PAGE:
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Kosovo, Serbia Hurl Charges At Each Other At UN


Serbian President Boris Tadic

Serbian President Boris Tadic

UNITED NATIONS (Reuters) -- The acrimonious relations between Serbia and its former territory Kosovo spilled over at the United Nations on March 23, when Kosovo accused Belgrade of stirring up crime in its northern areas.

Serbia, in response, said an "ethnic-Albanian mafia" was involved in human trafficking, arms smuggling, and drugs.

The exchanges took place in a Security Council debate on a report on Kosovo from Secretary-General Ban Ki-moon a year after Pristina seceded from Serbia. That followed more than a decade of upheaval in the Balkans.

"The situation in the north remains an issue of utmost concern," Kosovo's Foreign Minister Skender Hyseni told the meeting. "Lawlessness, with evident support of the leadership in Belgrade, has turned this part of Kosovo into a safe haven for all kinds of criminal and illegal economic activity."

Serbian President Boris Tadic restated Belgrade's position that his country would "never recognize the independence of Kosovo, either directly or indirectly."

"Serbia, together with a number of European Union member states, faces tremendous problems arising out of the activities of the ethnic-Albanian mafia in Kosovo, which specializes in the trafficking of narcotics, human beings, and weapons."

Ninety percent of people in Kosovo are ethnic Albanians. Most of the remaining 120,000 Serbs refuse to work with Albanian-run institutions.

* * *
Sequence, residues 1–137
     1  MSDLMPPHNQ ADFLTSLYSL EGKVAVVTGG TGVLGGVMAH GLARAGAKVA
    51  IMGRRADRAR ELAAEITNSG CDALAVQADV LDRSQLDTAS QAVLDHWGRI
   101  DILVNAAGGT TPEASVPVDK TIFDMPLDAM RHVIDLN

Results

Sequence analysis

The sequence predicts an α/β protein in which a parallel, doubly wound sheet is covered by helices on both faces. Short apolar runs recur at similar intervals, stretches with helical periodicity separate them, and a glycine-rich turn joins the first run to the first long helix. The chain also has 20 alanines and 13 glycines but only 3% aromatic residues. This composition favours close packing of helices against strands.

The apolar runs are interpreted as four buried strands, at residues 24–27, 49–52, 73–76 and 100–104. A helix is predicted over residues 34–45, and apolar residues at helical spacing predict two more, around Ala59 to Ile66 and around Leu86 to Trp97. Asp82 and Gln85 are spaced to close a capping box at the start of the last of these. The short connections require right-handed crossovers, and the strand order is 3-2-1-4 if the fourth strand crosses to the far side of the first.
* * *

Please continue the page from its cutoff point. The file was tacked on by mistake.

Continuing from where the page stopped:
Under a six-point plan agreed last year, police, customs officers and judges in the Serb-run areas of northern Kosovo remain under the UN umbrella, known as UNMIK, while their Albanian counterparts work with a European Union police and justice mission called EULEX.

Ban's report to the council said the security situation in Kosovo was generally stable, apart from a few recent incidents in the north. He said many Serbs there refuse to cooperate with authorities in the capital Pristina, while Albanians see the UN presence as an obstacle to their independence.

Pristina Wants UN To Go

Hyseni told reporters that his government wanted UNMIK to wind up operations and leave Kosovo "as soon as possible." Ban's report, however, calls for UNMIK to maintain a small presence in Kosovo for an indefinite period of time.

Officially, the United Nations remains in charge of Kosovo on the basis of a 1999 Security Council resolution passed after a NATO bombing campaign of Serbia ended a 1998-1999 war between Serb forces and Albanian guerrillas.

The 15-nation council has been unable to make any changes to the UN mandate or the 1999 resolution, because it is split over what to do with the UN presence there and the legality of Pristina's February 2008 declaration of independence.

Hyseni also said he was ready to engage in direct talks and normalize relations with Belgrade. He added that he would remain in New York for several days to meet with diplomats from the countries that have not recognized Kosovo's independence and urge them to join the 56 states that have already done so.

Tadic dismissed the idea that Kosovo had transformed itself into an independent country. "It is obvious to everyone today that 13 months after the illegal, unilateral declaration of independence, Kosovo is no state," he told the council.

Many Western countries have recognized Kosovo's independence. Serbia's principal ally Russia, a permanent veto-wielding member of the Security Council, has said it will never do so and will use its power to block Kosovo's access to international organizations like the United Nations.

Russia's UN ambassador Vitaly Churkin brushed aside Hyseni's complaints of Serbian interference, saying, "it is an attempt...to accuse Belgrade of all the problems of Kosovo."
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